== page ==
There’s a frequent sense of nostalgia and pensiveness that underlies Japanese anime; recurring scenes of a solemn figure standing alone in some sprawling space, hair flapping in the wind, exaggerated wide eyes underlined with drops of tears. Makato Shinkai’s Weathering With You unabashedly immerses itself in these visual tropes, further evident in the film’s predecessor the highest grossing anime film of all-time Your Name; yet he manages to elevate his offerings a cut above the rest. Whether it’s through the understated bleakness of his subject matter, the celebratory euphoria of youth, his commentary on societal constraints or simply the prettiness of his scribed world. Following the success of Your Name, the bar is set sky-high for Weathering With You, tackling familiar motifs of young love, the climate crisis and the supernatural.
Tokyo is soaked in months, if not years, of uninterrupted torrential rain. Hodaka, a newly runaway teenager, lives a hand-to-mouth existence in the city’s street. Penniless and seeking refuge from the rain, he spends his days loafing around in a McDonalds in the city centre. He catches the eye of young waitress Hina (Mori Nana), who one day kindly offers him a free burger and a reciprocal infatuation ensues. Hina possesses the supernatural powers of manipulating the weather. An ability, she randomly discovered whilst in deep prayer at the foothold of traditional Torii gate, next to the hospital of her dying mother. Hina’s litanies are able to do away with rain clouds allowing for the sun’s rays to seep in. Finding themselves financially struggling the couple devise a clever plan to monetize on Hina’s powers, only soon discover her powers come at a personal sacrifice.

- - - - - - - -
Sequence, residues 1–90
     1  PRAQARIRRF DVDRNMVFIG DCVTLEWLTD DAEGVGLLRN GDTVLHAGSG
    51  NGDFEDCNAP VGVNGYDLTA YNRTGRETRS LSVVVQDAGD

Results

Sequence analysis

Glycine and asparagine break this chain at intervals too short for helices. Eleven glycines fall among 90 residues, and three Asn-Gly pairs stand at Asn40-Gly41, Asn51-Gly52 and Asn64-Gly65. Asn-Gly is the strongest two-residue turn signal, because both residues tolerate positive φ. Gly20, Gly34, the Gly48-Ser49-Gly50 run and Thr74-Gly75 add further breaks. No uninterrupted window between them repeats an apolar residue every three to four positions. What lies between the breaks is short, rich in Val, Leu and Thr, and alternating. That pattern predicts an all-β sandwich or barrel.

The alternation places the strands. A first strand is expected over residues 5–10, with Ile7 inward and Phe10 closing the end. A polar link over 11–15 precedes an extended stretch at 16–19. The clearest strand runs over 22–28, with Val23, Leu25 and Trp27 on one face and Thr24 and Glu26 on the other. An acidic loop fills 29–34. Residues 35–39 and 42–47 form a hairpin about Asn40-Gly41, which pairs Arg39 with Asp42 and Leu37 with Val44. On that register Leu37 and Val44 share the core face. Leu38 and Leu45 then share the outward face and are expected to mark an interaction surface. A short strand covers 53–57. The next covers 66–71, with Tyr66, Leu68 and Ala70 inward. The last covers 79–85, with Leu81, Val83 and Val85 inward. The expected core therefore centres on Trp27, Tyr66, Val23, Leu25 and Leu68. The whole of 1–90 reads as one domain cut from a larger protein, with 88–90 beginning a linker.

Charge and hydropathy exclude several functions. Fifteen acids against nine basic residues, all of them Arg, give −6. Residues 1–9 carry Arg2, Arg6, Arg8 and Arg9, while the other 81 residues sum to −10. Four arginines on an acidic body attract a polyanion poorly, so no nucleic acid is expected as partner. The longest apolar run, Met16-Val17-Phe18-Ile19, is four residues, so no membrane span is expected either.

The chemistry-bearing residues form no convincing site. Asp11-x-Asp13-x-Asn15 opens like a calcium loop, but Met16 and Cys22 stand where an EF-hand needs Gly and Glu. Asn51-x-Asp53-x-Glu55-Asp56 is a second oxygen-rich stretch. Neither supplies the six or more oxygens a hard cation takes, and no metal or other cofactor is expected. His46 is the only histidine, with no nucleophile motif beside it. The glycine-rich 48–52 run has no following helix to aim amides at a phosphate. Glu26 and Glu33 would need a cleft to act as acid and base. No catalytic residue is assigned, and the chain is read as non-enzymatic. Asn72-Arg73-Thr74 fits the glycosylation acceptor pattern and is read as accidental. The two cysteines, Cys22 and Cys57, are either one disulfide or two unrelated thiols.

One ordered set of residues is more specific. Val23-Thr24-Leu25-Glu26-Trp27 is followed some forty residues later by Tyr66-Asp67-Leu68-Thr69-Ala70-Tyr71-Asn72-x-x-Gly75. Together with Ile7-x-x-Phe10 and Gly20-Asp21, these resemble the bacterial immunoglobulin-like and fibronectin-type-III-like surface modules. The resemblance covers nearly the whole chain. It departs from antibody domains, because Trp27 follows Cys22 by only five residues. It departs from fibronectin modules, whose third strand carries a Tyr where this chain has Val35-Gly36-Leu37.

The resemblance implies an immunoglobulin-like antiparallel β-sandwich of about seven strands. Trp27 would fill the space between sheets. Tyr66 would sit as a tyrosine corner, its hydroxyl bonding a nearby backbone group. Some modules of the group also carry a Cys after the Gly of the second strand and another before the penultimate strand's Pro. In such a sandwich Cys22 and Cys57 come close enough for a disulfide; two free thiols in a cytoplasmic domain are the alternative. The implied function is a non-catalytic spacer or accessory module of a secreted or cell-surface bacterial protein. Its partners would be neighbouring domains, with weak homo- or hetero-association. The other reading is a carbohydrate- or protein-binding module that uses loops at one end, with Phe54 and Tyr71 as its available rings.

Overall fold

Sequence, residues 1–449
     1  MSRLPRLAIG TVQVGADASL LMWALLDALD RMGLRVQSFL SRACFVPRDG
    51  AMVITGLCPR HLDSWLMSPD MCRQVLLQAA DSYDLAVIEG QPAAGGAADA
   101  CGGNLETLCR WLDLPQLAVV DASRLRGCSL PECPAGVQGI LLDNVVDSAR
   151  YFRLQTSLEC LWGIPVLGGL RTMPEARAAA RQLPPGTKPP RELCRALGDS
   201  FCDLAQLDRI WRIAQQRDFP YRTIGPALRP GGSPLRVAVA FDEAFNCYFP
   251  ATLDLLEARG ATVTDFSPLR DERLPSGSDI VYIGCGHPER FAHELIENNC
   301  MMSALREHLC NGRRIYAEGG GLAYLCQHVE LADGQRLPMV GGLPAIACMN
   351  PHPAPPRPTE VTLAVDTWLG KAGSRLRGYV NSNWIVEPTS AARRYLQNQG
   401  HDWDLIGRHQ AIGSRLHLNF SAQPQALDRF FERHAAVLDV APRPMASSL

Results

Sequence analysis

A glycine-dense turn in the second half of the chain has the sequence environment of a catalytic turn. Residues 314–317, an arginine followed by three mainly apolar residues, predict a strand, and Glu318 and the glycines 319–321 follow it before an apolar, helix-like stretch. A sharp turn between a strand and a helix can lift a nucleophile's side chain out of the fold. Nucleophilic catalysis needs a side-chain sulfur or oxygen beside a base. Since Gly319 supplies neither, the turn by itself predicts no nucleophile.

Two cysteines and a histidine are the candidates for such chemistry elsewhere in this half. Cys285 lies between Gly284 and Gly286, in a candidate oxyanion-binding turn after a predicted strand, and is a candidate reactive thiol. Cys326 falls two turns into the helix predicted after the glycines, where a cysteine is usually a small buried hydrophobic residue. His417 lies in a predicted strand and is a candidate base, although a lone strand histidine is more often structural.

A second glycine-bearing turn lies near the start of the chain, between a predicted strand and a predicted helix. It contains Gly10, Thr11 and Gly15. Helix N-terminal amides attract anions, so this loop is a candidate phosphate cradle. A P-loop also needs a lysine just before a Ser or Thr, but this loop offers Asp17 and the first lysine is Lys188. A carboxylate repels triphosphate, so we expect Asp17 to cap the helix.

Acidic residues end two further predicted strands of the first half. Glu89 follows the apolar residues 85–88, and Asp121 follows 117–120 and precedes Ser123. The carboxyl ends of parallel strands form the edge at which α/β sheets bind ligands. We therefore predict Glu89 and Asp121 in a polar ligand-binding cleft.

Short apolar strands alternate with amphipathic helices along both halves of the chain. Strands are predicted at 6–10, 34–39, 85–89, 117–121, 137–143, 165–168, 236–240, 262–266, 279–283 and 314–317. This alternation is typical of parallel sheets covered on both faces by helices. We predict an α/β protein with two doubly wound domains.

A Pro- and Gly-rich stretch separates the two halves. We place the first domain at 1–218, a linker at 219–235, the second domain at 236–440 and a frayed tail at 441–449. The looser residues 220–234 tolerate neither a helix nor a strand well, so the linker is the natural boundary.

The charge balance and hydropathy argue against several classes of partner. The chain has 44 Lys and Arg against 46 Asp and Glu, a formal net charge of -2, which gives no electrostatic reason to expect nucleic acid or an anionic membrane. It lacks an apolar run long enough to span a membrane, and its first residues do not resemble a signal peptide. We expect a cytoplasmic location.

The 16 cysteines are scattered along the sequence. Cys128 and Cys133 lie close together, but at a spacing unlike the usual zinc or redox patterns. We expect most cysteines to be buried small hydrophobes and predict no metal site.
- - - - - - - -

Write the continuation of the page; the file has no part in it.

Shinkai’s world is undeniably beautiful, mesmerizing, yet submerged in realism. Whether it be visually; as if almost drawn over and outlined in the vein of films such as Richard Linklater’s Scanner Darkly. Or whether it’s the film’s contemplative occasionally gloomy nature that permeates even in the film’s chirpier moments. Attributed perhaps to the occasional sombre subject matter as well melancholically tinged background of the characters.
Most urgent and poignant scenes are concentrated in the last segment; Hina finds herself relegated to a parallel universe destined to be forever floating in mid stratosphere amongst thick clouds. As Hodaka frantically tries to rescue her, involving a gripping extended chase through concrete grey Tokyo involving the police, social services and a bumpy ride at the back of a friend’s moped. It’s in these moments that the movie comes to life, salvaging it from a tame middle section, as Hodaka’s desperation and primitive instincts surface full throttle. Once equilibrium is restored, the side-effect is permanent climatic damage for Tokyo; prophesizing a sad state of affairs which Shinkai dresses as a happy ending.
Maybe its unavoidable that Weathering With You will be compared with Your Name, and unfortunately a watered down version at that. I could not shake off the similarities. Whether it be the revisiting of familiar themes and once again centring them around a struggling young love, with literally the same relationship dynamics. And like in Your Name, I found the choice of jarring emo-esque pop songs, loud, highly distracting and incongruous. The supernatural element, a highlight of Shinkai’s storytelling, in this instance feels slightly less; still impressive but lacking in the humour and outlandishness. Yet in no way should Weathering With You be dismissed. Its a joyous film which will simultaneously entertain and pull at the heartstrings.